The National Cyber Security Centre (NCSC) guidance on securing your accounts is to use a passphrase, not a short password. Traditional direction often fails when we struggle to memorize long, complex passwords. But, if we generate passwords using three random words, we can create unique passwords that are strong and can be remembered much more quickly.
💡 As part of our Membership, we have created a Password Policy template which can be freely used in your organization.
P is for Phishing
Phishing is a tactic that cybercriminals use when attempting to trick people into clicking a link to a 'dodgy website'.
Phishing attacks are often conducted via a text message (Smishing) but can also be done via social media or phone. However, the term 'phishing' is mainly used to describe attacks that arrive by email.
💡 Something that's becoming more popular with businesses is a Simulated Phishing Exercise (a service we offer). This helps to raise your staff's awareness of phishing emails and guards your business against the growing trend of social-engineering threats. In addition, training your employees on what a phishing attack looks like makes them more likely to identify and report scams.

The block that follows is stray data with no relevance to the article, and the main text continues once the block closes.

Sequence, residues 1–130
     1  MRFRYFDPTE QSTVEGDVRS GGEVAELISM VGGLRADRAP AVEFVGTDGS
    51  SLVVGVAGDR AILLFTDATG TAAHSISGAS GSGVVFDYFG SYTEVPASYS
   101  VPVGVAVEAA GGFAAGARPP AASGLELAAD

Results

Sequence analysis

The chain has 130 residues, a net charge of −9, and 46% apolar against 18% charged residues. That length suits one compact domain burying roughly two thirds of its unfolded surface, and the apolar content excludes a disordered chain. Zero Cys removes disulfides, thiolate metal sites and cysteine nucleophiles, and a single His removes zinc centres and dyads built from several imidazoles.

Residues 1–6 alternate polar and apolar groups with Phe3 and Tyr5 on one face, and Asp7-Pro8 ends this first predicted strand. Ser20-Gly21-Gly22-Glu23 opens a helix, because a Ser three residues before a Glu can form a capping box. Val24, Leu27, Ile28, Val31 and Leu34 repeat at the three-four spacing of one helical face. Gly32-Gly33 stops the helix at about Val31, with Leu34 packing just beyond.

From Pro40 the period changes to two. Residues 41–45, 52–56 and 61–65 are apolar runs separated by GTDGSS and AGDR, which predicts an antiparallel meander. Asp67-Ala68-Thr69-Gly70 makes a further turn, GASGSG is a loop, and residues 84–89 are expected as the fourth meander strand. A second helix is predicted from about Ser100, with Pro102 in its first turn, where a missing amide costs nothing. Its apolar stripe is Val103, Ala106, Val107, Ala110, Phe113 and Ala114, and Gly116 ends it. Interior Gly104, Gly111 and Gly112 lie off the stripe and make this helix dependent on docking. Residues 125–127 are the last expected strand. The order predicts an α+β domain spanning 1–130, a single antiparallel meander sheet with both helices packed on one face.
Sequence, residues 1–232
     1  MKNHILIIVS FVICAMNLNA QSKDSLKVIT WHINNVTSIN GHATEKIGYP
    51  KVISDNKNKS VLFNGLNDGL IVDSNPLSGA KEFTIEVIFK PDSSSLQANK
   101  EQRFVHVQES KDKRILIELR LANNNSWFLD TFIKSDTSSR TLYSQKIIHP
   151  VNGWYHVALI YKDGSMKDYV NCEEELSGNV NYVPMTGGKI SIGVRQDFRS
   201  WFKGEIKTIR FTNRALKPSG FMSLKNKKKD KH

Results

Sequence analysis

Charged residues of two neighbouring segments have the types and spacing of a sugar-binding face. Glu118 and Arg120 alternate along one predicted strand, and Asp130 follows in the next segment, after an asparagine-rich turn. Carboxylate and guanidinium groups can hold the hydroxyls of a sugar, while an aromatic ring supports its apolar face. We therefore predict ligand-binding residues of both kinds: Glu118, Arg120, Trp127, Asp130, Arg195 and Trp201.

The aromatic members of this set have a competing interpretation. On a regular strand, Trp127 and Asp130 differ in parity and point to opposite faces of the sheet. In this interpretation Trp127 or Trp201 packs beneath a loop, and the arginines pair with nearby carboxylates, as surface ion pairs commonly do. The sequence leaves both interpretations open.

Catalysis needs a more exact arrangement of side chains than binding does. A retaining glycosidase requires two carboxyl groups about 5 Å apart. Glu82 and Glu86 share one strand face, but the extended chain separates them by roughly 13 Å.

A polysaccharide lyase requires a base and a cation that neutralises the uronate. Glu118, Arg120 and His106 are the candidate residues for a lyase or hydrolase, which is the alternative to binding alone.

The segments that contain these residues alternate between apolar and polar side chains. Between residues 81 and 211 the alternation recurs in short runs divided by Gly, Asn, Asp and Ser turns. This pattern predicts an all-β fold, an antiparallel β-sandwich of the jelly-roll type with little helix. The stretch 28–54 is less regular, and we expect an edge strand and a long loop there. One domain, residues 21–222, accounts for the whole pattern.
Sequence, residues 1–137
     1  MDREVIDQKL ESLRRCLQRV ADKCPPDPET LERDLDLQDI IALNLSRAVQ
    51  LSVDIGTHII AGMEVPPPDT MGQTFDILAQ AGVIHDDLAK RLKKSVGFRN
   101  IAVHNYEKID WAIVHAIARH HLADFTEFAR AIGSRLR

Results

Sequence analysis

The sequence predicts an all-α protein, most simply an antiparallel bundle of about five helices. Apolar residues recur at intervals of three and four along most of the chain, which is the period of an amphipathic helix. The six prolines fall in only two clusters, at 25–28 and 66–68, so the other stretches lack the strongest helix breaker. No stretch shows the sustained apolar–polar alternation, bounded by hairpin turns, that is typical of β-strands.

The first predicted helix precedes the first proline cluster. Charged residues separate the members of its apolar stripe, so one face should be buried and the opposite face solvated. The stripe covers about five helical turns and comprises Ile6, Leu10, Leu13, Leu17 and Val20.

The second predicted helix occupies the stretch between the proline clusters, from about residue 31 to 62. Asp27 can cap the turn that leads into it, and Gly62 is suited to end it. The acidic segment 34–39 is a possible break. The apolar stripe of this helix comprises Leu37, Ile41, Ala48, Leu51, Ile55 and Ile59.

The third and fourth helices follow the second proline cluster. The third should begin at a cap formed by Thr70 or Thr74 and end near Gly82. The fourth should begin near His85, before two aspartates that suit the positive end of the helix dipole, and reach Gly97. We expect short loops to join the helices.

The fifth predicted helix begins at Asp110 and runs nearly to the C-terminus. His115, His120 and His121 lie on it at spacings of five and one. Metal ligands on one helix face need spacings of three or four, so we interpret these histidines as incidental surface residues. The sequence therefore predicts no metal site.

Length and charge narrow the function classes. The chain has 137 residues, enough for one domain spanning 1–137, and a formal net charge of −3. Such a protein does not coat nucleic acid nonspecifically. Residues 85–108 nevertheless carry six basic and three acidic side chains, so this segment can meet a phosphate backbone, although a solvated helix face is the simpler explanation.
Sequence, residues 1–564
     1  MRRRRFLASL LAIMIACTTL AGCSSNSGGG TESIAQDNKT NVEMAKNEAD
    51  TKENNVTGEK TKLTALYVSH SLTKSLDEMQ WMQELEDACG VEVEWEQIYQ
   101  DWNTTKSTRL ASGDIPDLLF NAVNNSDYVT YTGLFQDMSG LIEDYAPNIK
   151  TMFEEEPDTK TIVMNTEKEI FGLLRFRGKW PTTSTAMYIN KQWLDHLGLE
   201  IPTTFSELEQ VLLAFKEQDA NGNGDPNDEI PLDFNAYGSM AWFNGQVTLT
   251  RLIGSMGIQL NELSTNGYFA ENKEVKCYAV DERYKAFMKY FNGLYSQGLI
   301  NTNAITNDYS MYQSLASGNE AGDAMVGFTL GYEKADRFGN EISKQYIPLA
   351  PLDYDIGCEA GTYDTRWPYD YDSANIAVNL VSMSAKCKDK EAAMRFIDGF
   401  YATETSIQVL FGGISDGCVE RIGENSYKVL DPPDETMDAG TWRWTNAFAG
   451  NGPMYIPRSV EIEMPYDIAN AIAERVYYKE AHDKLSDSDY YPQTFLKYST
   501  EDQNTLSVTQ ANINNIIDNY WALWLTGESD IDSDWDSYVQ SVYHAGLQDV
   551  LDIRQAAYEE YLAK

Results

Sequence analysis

R is for Ransomware
Ransomware is a type of Malware involving computer viruses that threaten to delete (or release publicly) your files unless the ransom is paid (often in Bitcoin). Like other Malware, it usually finds its way onto a device by exploiting a security hole in vulnerable software, cracking weak passwords, or tricking somebody into installing Malware via a phishing email.
S is for Social Engineering
Social Engineering is when an attacker attempts to deceive an individual into revealing sensitive information, obtaining unauthorized access, or committing fraud by associating with the individual to gain confidence and trust. For example, an attacker might use email, phone or direct contact to gain illegal access to your accounts or systems. This is often seen through phishing attacks, spear phishing of a critical individual, or CEO Fraud.